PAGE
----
The Indigenous Internship Program at MOA was developed by six Indigenous partners: the Musqueam Indian Band, the Squamish Lil’wat Cultural Centre, the Haida Gwaii Museum, the U’mista Cultural Society, the Nlaka’pamux Nation, the Coqualeetza Cultural Society, and the Museum of Anthropology at UBC. The program provides training opportunities for Indigenous people working in museums or Indigenous people who would like to do this kind of work. Funding for the Indigenous Internship Program is provided by Heritage Canada Museums Assistance Program and Mellon Foundation.
Our latest series of MOA Stories feature the fascinating research conducted by members of the Fall 2021 cohort during their internship.
Rodeos in the Archive
By Elsie Joe (Nłeʔkepmx)
I grew up in a small town in the Interior of British Columbia known for being the “Country Music Capital of Canada.” Country music, horses and rodeos were a constant hum in the background of my life. Coming just recently to live in Vancouver, a coastal city where people talk about fishing and driving boats instead of horse riding and driving cattle, gave me a mild case of culture shock. During my two-month internship at MOA, as part of the Indigenous Internship Program, Curator Karen Duffek introduced me to an exhibition that she and guest curator Dr. Marcia Crosby (Tsimshian/Haida) are planning (tentatively titled Mobilized: New Cultural Practices, scheduled to open Winter 2023) which focuses on First Nations Peoples and the ways we represented ourselves in public spaces between 1900 and the 1960s.
She showed us amazing archival images of Indigenous Peoples in parades, brass bands, official delegations and during royal visits. I noticed that these photographs primarily showed Coastal First Nations Peoples. When I asked if she had found any photos showing people from the BC Interior, she recommended that this could be an area of focus for my internship research.
I started this research with a question in mind: What would have inspired gatherings of large groups during those years within my region? The population density of the Interior is not what it is along the coast—there would not have been the same number or type of grand events as those that occurred in urban centres like Vancouver or Victoria. But the Interior had, and still has, rodeos!
The first rodeo in Canada occurred in 1912 in Alberta, while the Falklands Stampede, which started in 1919, is one of the oldest in BC. Before that, cattle had come to North America through Spain and its colonies. As ranching grew and spread to what is now the southern United States, Black workers started working on ranches as both paid and slave labour. As ranching continued to spread northward, First Nations Peoples joined the ranch workforce. Rodeos evolved from the friendly competitions that occurred during seasonal round-ups, growing into the official events that they are today, which still reflect the diverse history they emerged from. Today’s rodeo competitions hold events such as calf roping, barrel racing and bull riding, and draw in tourists as well as competitors from around North America and the world. The announcement of a rodeo always causes a small buzz of excitement among the people of my community.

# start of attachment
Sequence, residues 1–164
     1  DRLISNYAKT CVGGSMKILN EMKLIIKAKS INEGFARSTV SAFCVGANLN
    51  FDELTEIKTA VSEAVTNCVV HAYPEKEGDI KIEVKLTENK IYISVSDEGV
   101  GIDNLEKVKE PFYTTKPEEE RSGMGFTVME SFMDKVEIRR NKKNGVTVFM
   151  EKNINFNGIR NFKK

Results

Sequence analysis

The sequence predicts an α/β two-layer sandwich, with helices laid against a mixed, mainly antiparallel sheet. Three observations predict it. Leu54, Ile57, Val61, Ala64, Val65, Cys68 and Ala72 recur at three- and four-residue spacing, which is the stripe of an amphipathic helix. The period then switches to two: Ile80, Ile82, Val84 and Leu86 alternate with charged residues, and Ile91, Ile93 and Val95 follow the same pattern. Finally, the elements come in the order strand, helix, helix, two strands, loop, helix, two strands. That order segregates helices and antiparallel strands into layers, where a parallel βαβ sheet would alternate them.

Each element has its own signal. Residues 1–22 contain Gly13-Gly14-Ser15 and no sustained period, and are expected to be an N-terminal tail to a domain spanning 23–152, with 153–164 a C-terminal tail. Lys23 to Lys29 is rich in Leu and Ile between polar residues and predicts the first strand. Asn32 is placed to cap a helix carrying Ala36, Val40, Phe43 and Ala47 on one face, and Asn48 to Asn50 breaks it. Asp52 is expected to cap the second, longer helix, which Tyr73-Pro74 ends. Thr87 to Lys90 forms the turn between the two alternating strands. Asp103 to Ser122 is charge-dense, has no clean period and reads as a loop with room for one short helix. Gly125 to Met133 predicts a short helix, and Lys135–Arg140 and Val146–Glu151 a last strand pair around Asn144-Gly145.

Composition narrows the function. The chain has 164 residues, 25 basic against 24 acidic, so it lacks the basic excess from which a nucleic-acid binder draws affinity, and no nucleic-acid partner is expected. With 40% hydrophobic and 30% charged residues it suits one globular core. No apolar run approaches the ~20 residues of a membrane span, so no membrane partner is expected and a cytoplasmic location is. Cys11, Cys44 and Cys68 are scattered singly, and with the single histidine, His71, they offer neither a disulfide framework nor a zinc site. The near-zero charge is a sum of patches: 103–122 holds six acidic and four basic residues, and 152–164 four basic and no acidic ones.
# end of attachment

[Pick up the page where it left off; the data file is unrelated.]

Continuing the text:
While delving into some online archives—including the Okanagan Trust Society, the Canadian Museum of History and even the British Library—I found numerous historical images ranging from rodeo pageants and parades to competition photographs. I’m intrigued by these images because, although rodeos were known for being inclusive, the society outside of them was not. These photos are a glimpse into the early 1900s. First Nations Peoples at events are shown standing on seemingly equal ground among people they share commonalities with. But, during much of Canada’s history, including the time when these photos were taken, First Nations Peoples across Canada faced severe racial segregation and discrimination. Since 1876, the Indian Act enacted a system where almost every aspect of an Indigenous person’s life was overseen by Indian Agents and the federal government. This included how Indigenous Peoples could practice their cultures, how their children were educated, where they could live, their ability to travel on and off their reserves, and how they were able to sell goods or make money. At the time when these photos were taken, Indigenous cowboys had to face these hardships every day. Despite this, they are shown in these photographs enjoying themselves, laughing, competing, and showcasing their extraordinary skills and strengths. They are proud to show off their capabilities, and I, in turn, am inspired by them.
My family loves rodeos because of their inclusivity and exciting atmosphere. Rodeos are places where everyone can be among friends and marvel at the competitors’ astounding and courageous athletic performances. During the time I spent doing this research, I felt new connections to people from the past. I have gained a greater appreciation of the history of rodeos and am excited to share these images and stories with my family and community.